Back Stage Passes by Mark Usyk

Winter never really showed up this year, but for some reason spring wouldn’t either. We’ve been stuck in that weird, in between twilight zone where the temperatures hover right on the edge of snow and rain. When we’d get snow, the ground was too warm for it to stick, and when we’d get rain, it was cold and damp like a late Fall day, and the lack of any leaves or green ground cover only intensified the feeling during those days that this was still not spring, even though winter was done with. And then almost out of nowhere this past weekend Spring arrived like a rock star strolling down the red carpet. “Everyone look at me, I’m awesome, and I’m who you wish you could be.”

Holly told me to go fishing. When your wife says go, you go. So I went. I flirted with the idea of heading north like usual and hitting a Brook Trout stream, like usual. But the sun was so warm on my face, the sky so blue, it felt like we’d almost skipped spring and moved right into summer. And to me summer means Bass. I had Bass on my mind. After a long, odd winter dreaming of not much more than chasing Brookies in the spring, only interrupted by a quick foray to Florida salt water, I was abruptly skipping over Trout, rushing past the opening of Walleye and Pike, and diving straight into Bass. I’d waited 6 months for Brookies, only to then want to skip ahead two more for Bass. It’s true, humans can never be happy with what they have.

Like a left hook out of nowhere I was on my way to a still water with the canoe strapped to the roof and a 7wt rigged with a heavy leader and a streamer. If spring was the rock star, then the anglers were the concert goers. Pulling the Jeep to the shoulder of the road was like pulling into the parking lot at the concert, all that was missing was the ticket line. Cars and trucks lined the shoulder, fisherman lined the road side shore line, and boats bobbed and weaved on the water, scattered, moving in all directions. Like ants swarming over a giant chocolate chip cookie left on the sidewalk, not knowing where to begin the feast, but wanting to get it all at once.

It took me about two hours of paddling, trolling, casting streamers both to structure and blindly to open water, and just sitting, bobbing in the wake of the plethora of bass boats cruising the pea green tinted water to figure out that I should move on. This was just not to be today. Most of the concert goers had figured it out too, that the rock star had turned out to be Axle Rose, coming in with a long, shrieking wail, but ending up being just another washed up celebrity who took himself way to seriously. Returning to the shore, I saw that only a handful of trucks remained, the diehards who refused to believe that Guns-N-Roses wouldn’t make a comeback. Me, I’d come to terms, I was ready to move on. I heard that Tom Petty was playing down on the Mohawk River right around the corner from the house. And Tom Petty never gets old.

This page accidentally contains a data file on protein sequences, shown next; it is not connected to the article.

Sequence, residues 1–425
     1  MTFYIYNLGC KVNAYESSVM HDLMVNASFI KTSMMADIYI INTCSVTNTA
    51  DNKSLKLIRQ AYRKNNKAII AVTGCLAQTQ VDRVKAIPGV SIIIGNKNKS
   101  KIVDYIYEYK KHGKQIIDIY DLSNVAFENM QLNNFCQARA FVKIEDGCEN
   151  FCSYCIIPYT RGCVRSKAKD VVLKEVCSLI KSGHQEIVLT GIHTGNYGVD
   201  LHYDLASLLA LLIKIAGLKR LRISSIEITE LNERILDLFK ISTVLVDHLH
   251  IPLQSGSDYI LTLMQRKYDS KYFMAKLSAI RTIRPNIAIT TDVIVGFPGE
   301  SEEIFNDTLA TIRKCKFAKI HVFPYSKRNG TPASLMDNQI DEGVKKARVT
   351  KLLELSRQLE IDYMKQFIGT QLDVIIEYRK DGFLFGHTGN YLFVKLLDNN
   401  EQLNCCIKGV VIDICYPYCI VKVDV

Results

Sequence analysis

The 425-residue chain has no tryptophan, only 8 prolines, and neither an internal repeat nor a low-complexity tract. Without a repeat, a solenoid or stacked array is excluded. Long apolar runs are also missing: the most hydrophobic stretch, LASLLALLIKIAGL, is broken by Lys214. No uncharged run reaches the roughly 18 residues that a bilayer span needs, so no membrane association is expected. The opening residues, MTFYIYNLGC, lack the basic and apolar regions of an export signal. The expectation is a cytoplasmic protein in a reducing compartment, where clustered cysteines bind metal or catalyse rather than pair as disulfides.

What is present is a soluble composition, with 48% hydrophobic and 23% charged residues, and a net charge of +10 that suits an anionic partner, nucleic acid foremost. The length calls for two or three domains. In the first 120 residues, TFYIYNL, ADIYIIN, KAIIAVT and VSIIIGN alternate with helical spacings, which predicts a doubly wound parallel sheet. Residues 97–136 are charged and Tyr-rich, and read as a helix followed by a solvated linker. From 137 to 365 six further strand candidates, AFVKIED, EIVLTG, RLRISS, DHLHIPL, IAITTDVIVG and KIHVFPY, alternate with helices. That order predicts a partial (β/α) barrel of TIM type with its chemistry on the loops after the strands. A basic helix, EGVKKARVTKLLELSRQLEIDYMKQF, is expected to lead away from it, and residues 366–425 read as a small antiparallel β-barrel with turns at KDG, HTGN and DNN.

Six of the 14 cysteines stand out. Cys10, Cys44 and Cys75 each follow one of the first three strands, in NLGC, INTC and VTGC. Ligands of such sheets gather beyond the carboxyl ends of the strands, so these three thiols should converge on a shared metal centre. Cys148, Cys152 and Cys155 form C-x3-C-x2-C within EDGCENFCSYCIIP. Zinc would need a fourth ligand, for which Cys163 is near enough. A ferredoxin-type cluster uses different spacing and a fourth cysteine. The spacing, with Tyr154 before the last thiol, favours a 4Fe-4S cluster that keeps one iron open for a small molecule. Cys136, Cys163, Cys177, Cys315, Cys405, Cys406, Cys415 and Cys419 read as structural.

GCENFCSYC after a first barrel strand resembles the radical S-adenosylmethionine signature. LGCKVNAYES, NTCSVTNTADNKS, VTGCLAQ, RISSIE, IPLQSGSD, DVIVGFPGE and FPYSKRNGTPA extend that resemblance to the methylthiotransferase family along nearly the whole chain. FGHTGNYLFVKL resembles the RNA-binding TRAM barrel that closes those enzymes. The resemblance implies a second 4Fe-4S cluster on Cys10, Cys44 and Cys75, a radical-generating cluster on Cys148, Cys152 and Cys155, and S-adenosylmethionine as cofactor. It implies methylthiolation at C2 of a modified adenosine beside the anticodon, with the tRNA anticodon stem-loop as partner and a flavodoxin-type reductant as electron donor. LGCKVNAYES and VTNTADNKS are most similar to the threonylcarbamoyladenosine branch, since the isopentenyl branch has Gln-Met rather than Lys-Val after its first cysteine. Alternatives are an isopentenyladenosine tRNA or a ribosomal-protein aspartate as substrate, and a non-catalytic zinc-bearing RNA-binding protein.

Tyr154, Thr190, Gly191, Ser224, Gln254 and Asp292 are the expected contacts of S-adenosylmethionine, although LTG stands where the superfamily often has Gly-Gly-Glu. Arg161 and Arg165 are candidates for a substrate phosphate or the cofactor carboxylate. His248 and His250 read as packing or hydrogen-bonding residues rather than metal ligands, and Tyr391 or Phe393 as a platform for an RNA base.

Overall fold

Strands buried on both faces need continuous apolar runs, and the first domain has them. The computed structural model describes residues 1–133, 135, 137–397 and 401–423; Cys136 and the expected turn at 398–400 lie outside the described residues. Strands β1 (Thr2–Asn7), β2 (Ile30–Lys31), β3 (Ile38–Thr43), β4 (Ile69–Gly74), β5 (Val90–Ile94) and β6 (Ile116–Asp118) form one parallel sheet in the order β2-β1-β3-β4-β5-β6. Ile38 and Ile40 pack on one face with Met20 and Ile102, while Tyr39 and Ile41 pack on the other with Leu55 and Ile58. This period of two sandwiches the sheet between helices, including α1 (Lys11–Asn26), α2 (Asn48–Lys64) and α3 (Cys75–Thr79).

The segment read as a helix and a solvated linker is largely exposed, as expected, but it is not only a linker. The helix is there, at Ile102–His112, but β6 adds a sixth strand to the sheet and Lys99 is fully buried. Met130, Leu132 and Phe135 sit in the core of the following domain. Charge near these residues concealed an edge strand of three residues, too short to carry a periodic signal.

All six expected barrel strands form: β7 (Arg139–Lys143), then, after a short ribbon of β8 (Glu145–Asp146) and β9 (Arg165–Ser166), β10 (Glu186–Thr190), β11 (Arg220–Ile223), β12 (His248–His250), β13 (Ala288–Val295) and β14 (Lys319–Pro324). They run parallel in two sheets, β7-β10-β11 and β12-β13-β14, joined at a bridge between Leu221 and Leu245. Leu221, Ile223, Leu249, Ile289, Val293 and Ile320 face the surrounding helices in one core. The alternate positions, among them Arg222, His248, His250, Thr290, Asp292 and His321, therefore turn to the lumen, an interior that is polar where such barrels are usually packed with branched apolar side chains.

Pulling into the lot sandwiched between the Mohawk River and the Barge Canal, I was greeted yet again by concert goers. I pulled into the last open parking spot. Apparently I wasn’t the only one who knew Tom Petty could still hold a tune. As I pocketed my fly box and inspected the 7wt I suddenly remembered the glass 5wt in the Rod Vault on the roof and thought to myself, glass seemed more “Tom Petty” speed. It was smooth and packed a lot of power and emotion, without being as over bearing and brutish as the 7wt. I stowed the 7wt back in the Jeep and removed the glass rod. I looked over my surroundings. Right was the path to the canal. I could already see from here the lawn chairs and fishing rods propped in the crotches of sticks poked into the ground. Left was the path to the Mohawk, the grass path had been beaten to a muddy pulp from the hordes of partiers looking for the beer tent, and straight was woods, then a field, then more woods, and somewhere in there was the Mohawk River. Upstream and away from the parking lot, from the easy access foot paths. The back stage pass.

I made my way through a tree line, a field where I stopped and paused as gun shots rang out while three young men tossed clay targets into the air and blasted them, and then into another tree line. The river wasn’t far, and before I knew it I was surveying the flows, inspecting shadows, deciphering what were logs and rocks and what might be fish, hoping that I’d spot them before they spotted me. Hoping my intrusion back stage wouldn’t be found out until I’d gotten to meet Tom Petty or at least had a glimpse close up. It wasn’t long before I spotted movement in fish form. Three Smallmouth hung just up in the mouth of a very small stream feeding into the river, and I crouched on dry leaves above the muddy bank side an easy eight feet above them, trying to figure out how to make a cast from such an odd angle within a stand of close trees, and what I would do if I actually hooked one and had to get down to the water. The last part was easy, I’d do what I had to do to shake Tom Petty’s hand back stage. I’d slide down that muddy bank like a skate boarder owning the half pipe and stop just inches short of getting wet. I’d worry about getting back up after the deed was done.

The black Woolly Bugger drifted right past all three Bass not once but three times. Dead drift, a slight twitch, an all-out fast strip break for freedom. The three Amigos guarding the mouth of the stream inspected my imitation, and called my bluff. On the fourth attempt I let it pass them by without hardly a glance and continue into the main river where I thought I had snagged a branch or something unseen in the slightly deeper and hazing water where the stream and river mixed. And then the line tightened and moved downstream. Hello Tom Petty, nice to meet you. It was so worth the effort of sneaking back stage. I highly recommend it. You should try it some time.